During internship for a few weeks of symposium I read the book The Out Of Sync Child. This book was very informative and gave me a better idea of how the clients I am working with process the world. The Out Of Sync Child has a chapter on each of our senses and how those can be affected for those with Sensory Processing Disorder. Sensory Processing Disorder is the inability to use information received through the sense in order to function in daily life. The five main areas included are tactile, vestibular, proprioception, vision, and auditory. This book has so much information in it so for this post I am going to focus on Vestibular.
First, when we are using the vestibular we have the ability to tell where our body is in space specifically by sending sensory messages from the neck, eyes, and body to Central Nervous System to generate muscle tone to move smoothly.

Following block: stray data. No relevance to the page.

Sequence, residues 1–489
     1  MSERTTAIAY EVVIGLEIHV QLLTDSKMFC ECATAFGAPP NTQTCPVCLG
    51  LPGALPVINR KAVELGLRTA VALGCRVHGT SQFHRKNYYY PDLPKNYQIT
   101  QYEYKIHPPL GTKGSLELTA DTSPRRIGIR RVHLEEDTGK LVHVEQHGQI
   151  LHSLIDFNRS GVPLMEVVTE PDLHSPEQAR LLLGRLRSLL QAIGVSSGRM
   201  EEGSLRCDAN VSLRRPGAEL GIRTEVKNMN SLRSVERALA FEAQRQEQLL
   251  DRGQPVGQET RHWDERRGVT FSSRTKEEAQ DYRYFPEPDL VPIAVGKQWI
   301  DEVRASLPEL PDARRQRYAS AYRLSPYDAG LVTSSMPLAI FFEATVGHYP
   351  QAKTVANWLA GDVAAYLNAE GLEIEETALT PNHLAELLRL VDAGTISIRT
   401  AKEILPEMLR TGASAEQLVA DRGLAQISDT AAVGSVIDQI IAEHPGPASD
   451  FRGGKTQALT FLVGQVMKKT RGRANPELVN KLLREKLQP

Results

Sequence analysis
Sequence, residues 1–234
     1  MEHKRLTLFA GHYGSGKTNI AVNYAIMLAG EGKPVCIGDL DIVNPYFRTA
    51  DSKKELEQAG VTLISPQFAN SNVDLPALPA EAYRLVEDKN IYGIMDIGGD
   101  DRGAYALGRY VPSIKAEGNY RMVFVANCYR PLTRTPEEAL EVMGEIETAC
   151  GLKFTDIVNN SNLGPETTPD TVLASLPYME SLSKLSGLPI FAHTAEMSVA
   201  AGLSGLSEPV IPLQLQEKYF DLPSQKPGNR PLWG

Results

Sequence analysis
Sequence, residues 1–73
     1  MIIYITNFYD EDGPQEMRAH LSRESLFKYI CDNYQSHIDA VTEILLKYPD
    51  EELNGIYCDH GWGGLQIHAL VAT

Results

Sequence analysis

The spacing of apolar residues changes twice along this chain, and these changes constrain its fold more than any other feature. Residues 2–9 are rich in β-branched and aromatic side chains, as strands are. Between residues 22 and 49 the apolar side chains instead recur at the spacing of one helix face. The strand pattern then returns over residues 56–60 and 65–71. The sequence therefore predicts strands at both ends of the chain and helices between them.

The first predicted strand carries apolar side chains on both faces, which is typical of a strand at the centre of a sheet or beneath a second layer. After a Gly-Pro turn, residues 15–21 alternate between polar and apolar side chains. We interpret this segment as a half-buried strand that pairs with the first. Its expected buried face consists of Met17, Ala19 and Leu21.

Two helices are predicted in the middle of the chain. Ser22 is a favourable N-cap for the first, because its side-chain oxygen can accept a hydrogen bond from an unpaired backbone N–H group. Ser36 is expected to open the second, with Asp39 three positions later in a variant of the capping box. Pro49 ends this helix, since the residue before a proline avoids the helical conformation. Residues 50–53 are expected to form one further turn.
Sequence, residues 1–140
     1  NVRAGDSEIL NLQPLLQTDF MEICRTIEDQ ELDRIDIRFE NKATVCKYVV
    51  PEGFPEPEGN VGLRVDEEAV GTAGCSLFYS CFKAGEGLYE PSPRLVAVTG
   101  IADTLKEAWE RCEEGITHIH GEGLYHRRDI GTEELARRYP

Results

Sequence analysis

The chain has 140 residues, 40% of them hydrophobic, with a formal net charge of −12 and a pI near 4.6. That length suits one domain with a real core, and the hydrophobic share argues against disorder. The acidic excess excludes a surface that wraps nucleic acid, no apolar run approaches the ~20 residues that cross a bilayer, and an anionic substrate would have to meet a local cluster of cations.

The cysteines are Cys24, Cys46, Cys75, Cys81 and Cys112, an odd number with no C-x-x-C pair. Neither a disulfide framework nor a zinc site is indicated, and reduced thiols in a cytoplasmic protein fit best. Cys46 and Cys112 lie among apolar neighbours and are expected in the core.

The functions of the vestibular include:
- Balance and where the body is directionally
- Awareness of dizziness
- Awareness of other peoples movements
- Keeping us from falling (which is a learned skill)
Clients either have overresponsivity or underresponsivity to the vestibular senses. They can also be vestibular seeking. Knowing the difference and observing this behavior can make all the difference during a session. When a client is overresponsive they don’t like fast movement so they like to stay stationary, and they don’t enjoy spinning and even sometimes driving in a car. When a client is underresponsive they don’t notice movement and they frequently fall. When a client is vestibular seeking they love movement, like jumping, spinning, swinging, climbing, and they need to move to stay focused.
Some typical problems for clients with vestibular dysfunction include:
- Being uncoordinated/bad posture
- Visual problems (looking from the board to their desk)
- Difficulty interpreting language
- No awareness of falling
- Bilateral coordination is slow
- Hard time riding a moving bike
You can find The Out of Sync Child at: